Nichol, Christina. Waiting for the Electricity: A Novel. New York, NY: Overlook, 2015. Print.
I read this on my flight from Georgia to the US, and in some ways it was the right choice for the circumstances. Slims Achmed Makashvili is a Batumeli in 2002, who believes that life could be better, and asks Hillary Clinton for help and advice. He is chosen for a US Government exchange program and visits America, but gets deported back to Georgia. Then (as those who know Georgian history will know) comes the Rose Revolution, and things change.
I was struck both by Nichol’s deep understanding of Georgia, and some very VERY basic mistakes in Georgian language, geography, and culture. I just couldn’t square this disparity in my mind. That said, though I certainly know a lot about Georgia, I haven’t lived in Batumi (I’ve visited multiple times, and have friends who’ve lived there, though); I don’t know any of the Adjaran dialect of Georgian; and I didn’t visit Georgia before the Rose Revolution. These facts could explain many of the things that don’t feel right to me, though not all of them. I’ve never been particularly good at suspension of disbelief, but I’m not sure if that applies to things like spelling and the location of Borjomi. This is probably something that would not even register to the vast majority of people interested in the book, even those who also read my blog, so I can’t say it’s a deal-breaker. I also found Slims’ frequent letters to Hillary hard to read…it’s just too soon. I’m usually a character-driven reader, and I didn’t particularly connect to any of the characters in Waiting for the Electricity, which probably made me less of a fan.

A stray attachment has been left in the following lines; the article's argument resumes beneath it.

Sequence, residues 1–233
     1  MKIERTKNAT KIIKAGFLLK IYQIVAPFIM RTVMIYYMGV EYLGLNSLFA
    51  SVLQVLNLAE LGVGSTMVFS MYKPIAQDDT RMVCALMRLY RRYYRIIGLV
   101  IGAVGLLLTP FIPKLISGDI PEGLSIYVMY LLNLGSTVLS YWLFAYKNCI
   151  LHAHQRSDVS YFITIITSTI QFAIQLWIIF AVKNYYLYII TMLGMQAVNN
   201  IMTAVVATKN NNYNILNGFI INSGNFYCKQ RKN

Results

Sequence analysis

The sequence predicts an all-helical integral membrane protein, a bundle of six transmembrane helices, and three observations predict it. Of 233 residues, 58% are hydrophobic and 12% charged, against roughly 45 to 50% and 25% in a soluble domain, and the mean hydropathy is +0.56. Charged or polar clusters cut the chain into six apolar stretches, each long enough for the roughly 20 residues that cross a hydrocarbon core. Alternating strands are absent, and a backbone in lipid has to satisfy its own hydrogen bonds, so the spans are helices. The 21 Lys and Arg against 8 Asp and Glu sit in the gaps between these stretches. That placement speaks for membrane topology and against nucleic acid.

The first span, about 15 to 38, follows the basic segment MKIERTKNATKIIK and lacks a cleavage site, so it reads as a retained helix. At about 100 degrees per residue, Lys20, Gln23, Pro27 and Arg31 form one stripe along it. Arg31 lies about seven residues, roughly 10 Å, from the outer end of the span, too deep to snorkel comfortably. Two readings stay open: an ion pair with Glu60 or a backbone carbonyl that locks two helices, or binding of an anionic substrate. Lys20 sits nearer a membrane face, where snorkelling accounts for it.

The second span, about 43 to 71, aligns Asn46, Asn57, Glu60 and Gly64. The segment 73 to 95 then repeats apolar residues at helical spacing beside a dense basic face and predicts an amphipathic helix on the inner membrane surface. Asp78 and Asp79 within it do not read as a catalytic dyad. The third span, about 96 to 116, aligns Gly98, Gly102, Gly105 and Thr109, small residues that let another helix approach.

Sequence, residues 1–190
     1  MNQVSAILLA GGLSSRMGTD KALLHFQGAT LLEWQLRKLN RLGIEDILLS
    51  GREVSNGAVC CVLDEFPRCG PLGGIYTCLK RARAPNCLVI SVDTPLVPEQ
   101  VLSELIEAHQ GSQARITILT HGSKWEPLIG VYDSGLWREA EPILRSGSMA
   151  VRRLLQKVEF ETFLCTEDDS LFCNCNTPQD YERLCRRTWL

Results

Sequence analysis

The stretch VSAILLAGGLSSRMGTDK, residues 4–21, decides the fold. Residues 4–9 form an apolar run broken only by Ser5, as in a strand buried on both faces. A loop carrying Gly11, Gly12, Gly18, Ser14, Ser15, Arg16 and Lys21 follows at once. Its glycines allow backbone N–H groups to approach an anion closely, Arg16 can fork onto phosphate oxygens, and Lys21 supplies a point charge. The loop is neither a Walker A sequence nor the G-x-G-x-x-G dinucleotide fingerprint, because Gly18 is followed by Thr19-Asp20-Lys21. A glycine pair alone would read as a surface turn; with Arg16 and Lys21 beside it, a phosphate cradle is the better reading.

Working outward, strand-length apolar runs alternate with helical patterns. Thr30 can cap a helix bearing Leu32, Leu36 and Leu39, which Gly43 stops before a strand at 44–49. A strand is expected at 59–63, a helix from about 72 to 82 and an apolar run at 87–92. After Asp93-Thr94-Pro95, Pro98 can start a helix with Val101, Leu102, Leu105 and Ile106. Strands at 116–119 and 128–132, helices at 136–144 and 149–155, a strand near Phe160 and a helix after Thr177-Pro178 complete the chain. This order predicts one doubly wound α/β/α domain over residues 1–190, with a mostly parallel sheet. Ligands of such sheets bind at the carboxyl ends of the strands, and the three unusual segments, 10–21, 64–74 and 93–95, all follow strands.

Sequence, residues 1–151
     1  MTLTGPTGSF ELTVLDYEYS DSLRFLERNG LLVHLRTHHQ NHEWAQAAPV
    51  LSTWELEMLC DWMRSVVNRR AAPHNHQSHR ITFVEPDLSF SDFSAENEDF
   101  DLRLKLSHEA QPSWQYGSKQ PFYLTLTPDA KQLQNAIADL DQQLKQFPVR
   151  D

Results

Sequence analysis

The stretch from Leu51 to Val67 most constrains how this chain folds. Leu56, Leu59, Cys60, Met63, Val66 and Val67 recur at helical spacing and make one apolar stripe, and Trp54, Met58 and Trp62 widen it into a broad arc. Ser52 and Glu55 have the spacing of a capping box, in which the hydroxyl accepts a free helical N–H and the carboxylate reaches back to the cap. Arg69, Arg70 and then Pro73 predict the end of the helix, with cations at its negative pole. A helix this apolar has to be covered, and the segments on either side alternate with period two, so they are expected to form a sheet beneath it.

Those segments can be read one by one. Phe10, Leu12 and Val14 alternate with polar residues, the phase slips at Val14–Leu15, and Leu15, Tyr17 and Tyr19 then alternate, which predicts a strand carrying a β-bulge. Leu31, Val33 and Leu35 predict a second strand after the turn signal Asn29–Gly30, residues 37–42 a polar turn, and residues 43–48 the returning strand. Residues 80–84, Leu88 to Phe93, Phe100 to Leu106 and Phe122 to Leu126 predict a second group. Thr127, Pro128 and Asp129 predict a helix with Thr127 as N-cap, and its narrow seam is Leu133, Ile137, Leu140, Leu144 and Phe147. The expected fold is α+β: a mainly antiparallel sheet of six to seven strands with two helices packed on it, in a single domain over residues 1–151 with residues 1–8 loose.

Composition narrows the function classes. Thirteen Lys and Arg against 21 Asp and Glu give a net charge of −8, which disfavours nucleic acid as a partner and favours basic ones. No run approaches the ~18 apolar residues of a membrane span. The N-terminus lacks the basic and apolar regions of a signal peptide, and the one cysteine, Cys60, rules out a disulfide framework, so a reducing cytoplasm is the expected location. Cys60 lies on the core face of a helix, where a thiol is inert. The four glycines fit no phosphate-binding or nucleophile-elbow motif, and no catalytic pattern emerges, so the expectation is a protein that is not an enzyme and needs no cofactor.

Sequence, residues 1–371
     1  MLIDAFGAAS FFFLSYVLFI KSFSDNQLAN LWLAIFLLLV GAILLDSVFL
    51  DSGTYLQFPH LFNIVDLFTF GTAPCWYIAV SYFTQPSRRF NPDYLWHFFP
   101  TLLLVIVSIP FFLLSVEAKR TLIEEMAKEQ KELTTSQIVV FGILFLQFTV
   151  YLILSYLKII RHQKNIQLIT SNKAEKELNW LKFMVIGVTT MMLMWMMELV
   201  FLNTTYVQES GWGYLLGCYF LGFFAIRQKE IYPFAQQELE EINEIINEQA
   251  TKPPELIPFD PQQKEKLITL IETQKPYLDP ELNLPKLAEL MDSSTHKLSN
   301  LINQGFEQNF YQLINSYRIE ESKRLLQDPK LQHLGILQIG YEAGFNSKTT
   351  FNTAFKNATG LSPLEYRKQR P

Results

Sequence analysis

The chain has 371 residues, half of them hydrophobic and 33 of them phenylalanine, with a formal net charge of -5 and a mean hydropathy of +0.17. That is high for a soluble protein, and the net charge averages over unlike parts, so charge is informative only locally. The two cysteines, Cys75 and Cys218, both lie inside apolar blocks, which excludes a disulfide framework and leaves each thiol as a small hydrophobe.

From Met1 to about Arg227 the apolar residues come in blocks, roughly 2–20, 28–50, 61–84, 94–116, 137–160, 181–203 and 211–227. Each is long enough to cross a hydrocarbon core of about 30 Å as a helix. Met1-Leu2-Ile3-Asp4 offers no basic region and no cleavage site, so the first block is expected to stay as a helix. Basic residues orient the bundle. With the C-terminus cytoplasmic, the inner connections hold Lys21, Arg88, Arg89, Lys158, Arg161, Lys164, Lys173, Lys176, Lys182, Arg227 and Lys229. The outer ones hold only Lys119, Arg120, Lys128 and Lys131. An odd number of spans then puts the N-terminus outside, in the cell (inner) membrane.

This wasn’t the right book for me right now, but there isn’t anything off-putting about it. Despite my quibbles, it was OK. I’d like to hear what others think, and see if they connected more.
Readers, have you read this? Thoughts?